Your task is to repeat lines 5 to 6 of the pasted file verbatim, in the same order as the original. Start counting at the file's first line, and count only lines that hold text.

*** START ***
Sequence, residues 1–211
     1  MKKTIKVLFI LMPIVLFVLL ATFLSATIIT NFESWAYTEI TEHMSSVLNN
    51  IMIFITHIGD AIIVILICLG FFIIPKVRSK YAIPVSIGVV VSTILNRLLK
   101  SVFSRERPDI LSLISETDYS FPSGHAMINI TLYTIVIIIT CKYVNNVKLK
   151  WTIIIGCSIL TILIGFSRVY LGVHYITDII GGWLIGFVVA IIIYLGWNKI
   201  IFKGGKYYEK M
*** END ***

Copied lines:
   151  WTIIIGCSIL TILIGFSRVY LGVHYITDII GGWLIGFVVA IIIYLGWNKI
   201  IFKGGKYYEK M